duty of such road to extend its railroad and telegraph to a connection at the City of Denver so as to form with that part of its line herein authorized to be constructed a continuous line of railroad and telegraph from Kansas City by way of Denver to Cheyenne. It was further declared, section 2, that
"All the provisions of law for the operation of the Union Pacific Railroad, its branches and connections, as a continuous line, without discrimination, shall apply the same way as if the road from Denver to Cheyenne had been constructed by the said Union Pacific Railway Company, Eastern Division."
It was further provided that each of said companies should receive patents to alternate sections of land along their respective lines of road, as therein defined, in like manner, and within the same limits, as provided by law in the case of lands granted to the Union Pacific Railway Company, Eastern Division. Upon the same day, a joint resolution was passed, 15 Stat. 348, authorizing the Union Pacific Railway Company, Eastern Division, to change its name to the Kansas Pacific Railway Company.
In pursuance of these acts, the new Kansas Pacific Railway Company entered into a contract with the Denver Pacific of the nature and for the purpose set out and authorized by the acts, and in pursuance thereof the Kansas Pacific completed its line to Denver, and the Denver Pacific completed its line from Denver to Cheyenne.
The bill thereupon charges that is procuring the passage and accepting the terms of the Act of March 3, 1869, the Kansas Pacific abandoned its intention of building a line of road to connect with the Union Pacific at Cheyenne, and therefore that Denver became the terminus of its road, and the company surrendered all its rights to that portion of the land grant lying beyond its terminus at Denver, and by operation of this act sections of public land within prescribed limits were granted to the Denver Pacific as a new and independent grant; that, the Kansas Pacific and the Denver Pacific having completed their lines of road, they respectively became entitled to certain portions of the land grant independently of each other, notwithstanding the fact that, through their connections chanroblesvirtualawlibrary
at Denver, they formed a continuous line of railway from Kansas City to Cheyenne, and their rights to public lands, under the several acts aforesaid, extended only laterally along the lines of said roads respectively, and were comprised and limited by lines drawn through the terminus of each of said roads at right angles to the general direction of the lines of said roads. The bill then referred to a map, Exhibit A, as showing the lines of said roads as connected at the City of Denver, their general courses and directions as they extend eastwardly and northwardly from the City of Denver, and the lines by which the rights of said respective companies to public lands, under the acts aforesaid, are limited; that west of the legal terminal limit of the Kansas Pacific land grant, and south of the legal terminal limit of the Denver Pacific land grant, lies a large triangular tract of land of about 200,000 acres, substantially within a radius of twenty miles of the point of connection of the two roads at Denver, which the bill alleges was not within the legal limit of the land grant to either of the two companies, and to the odd-numbered sections of which they asserted claim, and for which they procured patents from the Interior Department, the surrender and cancellation of which said patents it was the object of the bill to secure.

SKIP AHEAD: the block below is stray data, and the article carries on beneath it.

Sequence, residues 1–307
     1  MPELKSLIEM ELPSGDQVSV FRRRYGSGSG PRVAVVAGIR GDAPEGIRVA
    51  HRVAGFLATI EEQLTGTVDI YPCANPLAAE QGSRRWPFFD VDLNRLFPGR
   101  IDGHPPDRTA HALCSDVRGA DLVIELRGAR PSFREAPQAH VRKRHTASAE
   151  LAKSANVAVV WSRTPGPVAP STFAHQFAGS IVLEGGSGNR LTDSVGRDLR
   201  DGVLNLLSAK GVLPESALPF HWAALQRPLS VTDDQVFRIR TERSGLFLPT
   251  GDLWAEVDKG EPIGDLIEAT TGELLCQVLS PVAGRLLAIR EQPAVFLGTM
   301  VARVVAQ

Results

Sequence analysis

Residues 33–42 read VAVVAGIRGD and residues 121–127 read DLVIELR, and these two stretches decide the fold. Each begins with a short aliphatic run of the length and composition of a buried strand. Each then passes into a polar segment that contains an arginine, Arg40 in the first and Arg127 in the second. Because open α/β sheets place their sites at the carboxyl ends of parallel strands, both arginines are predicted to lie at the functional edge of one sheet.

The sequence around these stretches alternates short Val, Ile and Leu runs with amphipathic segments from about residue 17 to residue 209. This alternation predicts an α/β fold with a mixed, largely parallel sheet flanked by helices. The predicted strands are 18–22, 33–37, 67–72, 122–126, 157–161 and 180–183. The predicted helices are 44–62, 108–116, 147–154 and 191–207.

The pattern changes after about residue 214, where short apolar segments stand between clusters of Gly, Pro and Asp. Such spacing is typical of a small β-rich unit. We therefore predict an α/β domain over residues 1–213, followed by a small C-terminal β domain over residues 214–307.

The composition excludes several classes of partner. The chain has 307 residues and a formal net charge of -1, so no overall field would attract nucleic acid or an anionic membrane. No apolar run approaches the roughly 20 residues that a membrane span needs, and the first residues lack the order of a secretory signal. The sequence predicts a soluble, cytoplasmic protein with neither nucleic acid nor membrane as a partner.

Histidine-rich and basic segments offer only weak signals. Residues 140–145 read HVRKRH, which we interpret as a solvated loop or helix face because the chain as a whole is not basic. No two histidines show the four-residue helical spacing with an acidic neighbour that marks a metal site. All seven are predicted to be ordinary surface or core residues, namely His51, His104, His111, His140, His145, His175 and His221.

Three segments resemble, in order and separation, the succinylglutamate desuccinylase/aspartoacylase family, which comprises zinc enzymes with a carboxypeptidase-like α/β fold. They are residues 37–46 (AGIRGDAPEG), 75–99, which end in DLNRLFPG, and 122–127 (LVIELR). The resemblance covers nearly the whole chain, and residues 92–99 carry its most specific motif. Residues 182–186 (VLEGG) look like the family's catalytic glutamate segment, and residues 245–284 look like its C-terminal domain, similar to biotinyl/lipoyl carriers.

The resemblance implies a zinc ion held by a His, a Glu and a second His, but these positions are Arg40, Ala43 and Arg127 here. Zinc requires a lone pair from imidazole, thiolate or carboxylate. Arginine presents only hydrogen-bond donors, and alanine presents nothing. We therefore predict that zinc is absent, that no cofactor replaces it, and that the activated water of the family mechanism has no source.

The bill further alleged the consolidation, in January, 1880, of the Kansas Pacific and the Denver Pacific and the Union Pacific Railroad Companies into one corporation, under the corporate name of the Union Pacific Railway Company, which became the successor in interest of the three prior corporation; that certain persons, who were made defendants to the bill, claimed title to certain lands of this tract by direct or mesne conveyances from these companies, of the exact nature of which titles plaintiff is ignorant; that under an Act of March 3, 1887, providing for the adjustment of land grants made by Congress to aid in the construction of railroads, etc., the Secretary of the Interior ascertained that the lands described in the bill had been erroneously and illegally patented, as herein set out, and thereupon made a demand upon the Union Pacific Railway Company, as successor in interest to chanroblesvirtualawlibrary
the others, for a reconveyance of the tracts of land so erroneously patented, which was refused.
The persons claiming title under these patents having been made parties to the bill, it prayed that the patents and other outstanding deeds and other evidences of title be decreed to be void and surrendered for cancellation as clouds upon the plaintiff's title, and for such other relief as might seem proper.
To this bill demurrers were filed by most or all the defendants, except one Standley, who filed a plea setting up divers statutes and decisions in the land office, upon which it is claimed the patents rested, but which need not be specifically stated. Upon the hearing upon these demurrers and plea, the court made an order sustaining them, 37 F.5d 1, and, the pl